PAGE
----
The Journal of Membrane Biology

, Volume 247, Issue 9–10, pp 815–826 | Cite as

Functionalized Amphipols: A Versatile Toolbox Suitable for Applications of Membrane Proteins in Synthetic Biology

  • Eduardo Antonio Della Pia
  • Randi Westh Hansen
  • Manuela Zoonens
  • Karen L. MartinezEmail author


Amphipols are amphipathic polymers that stabilize membrane proteins isolated from their native membrane. They have been functionalized with various chemical groups in the past years for protein labeling and protein immobilization. This large toolbox of functionalized amphipols combined with their interesting physico-chemical properties give opportunities to selectively add multiple functionalities to membrane proteins and to tune them according to the needs. This unique combination of properties makes them one of the most versatile strategies available today for exploiting membrane proteins onto surfaces for various applications in synthetic biology. This review summarizes the properties of functionalized amphipols suitable for synthetic biology approaches.


Biosensors Self-assembly Protein immobilization Protein labeling Multiple functionalization 



Poly(sodium acrylate)-based amphipol comprising 35 % of free carboxylate, 25 % of octyl chains and 40 % of isopropyl groups




Biotinylated A8-35


Benzyl guanine




Critical micelle concentration


Deuterated A8-35

E. coli

Escherichia coli


Fluorescently labeled A8-35


Green fluorescent protein


G protein-coupled receptor


Hydrogenated A8-35


Histidine-tagged A8-35


Imidazol-tagged A8-35


Membrane proteins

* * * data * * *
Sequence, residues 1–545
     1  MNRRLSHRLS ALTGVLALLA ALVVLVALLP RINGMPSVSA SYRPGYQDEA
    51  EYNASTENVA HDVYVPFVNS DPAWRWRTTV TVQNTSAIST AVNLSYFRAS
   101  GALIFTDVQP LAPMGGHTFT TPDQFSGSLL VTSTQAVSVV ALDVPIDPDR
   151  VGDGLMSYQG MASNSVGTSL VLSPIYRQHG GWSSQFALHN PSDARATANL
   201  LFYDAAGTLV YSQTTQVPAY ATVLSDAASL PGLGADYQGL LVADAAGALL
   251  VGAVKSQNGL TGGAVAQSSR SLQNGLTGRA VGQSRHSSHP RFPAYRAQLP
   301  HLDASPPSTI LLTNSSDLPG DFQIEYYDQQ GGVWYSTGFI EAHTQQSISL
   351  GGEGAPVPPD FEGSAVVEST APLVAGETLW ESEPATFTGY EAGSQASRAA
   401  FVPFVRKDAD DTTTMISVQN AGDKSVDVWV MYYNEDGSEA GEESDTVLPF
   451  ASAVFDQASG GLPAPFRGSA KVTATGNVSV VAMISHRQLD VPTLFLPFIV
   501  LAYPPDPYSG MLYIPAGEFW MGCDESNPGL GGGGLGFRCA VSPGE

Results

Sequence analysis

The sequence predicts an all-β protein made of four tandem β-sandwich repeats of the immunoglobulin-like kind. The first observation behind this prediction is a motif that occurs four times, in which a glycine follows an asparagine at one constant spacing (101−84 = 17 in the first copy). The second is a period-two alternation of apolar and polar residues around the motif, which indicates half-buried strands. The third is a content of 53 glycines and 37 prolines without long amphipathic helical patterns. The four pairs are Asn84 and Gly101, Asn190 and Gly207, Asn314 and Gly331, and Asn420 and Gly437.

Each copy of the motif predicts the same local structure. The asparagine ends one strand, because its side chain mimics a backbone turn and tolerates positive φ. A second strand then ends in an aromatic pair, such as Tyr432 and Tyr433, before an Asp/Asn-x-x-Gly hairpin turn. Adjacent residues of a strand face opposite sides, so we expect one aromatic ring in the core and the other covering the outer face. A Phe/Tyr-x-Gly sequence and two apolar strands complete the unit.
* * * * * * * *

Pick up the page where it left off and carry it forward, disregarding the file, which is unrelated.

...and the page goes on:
Non-ionic glycosylated APol








Nitriloacetic acid


Oligodeoxynucleotide tagged A8-35


Perdeuterated A8-35


Cytochrome P450 oxidoreductase


Sulfonated APol


Surface plasmon resonance


Transmembrane domain of the Escherichia coli outer membrane protein A



We thank Jean-Luc Popot for fruitful discussions and feedback on the manuscript. This work was supported by the UNIK Synthetic Biology, funded by the Danish Ministry for Science, Technology and Innovation; by the Lundbeck Foundation Center for Biomembranes in Nanomedicine (CBN) and the Danish Agency for Science Technology and Innovation (The Danish Council for Strategic Research—ANaCell project), by the Centre National de la Recherche Scientifique (CNRS), by Paris-7 University (Sorbonne Paris Cité), and by the “Initiative d’Excellence” program from the French State (Grant “DYNAMO”, ANR-11-LABX-0011-01). E.D.P. is supported by a Danish Research Council fellowship award (FTP-12-132506). M.Z is a recipient of Projet International de Coopération Scientifique (APIC–DK, SURFAPol project) from the CNRS.


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Copyright information

© Springer Science+Business Media New York 2014

Authors and Affiliations

  • Eduardo Antonio Della Pia
    • 1
  • Randi Westh Hansen
    • 1
  • Manuela Zoonens
    • 2
  • Karen L. Martinez
    • 1
    Email author
  1. 1.Bio-Nanotechnology and Nanomedicine Laboratory, Department of Chemistry and Nano-Science CenterUniversity of CopenhagenCopenhagenDenmark
  2. 2.Institut de Biologie Physico-ChimiqueUMR 7099, CNRS/Université Paris-7ParisFrance

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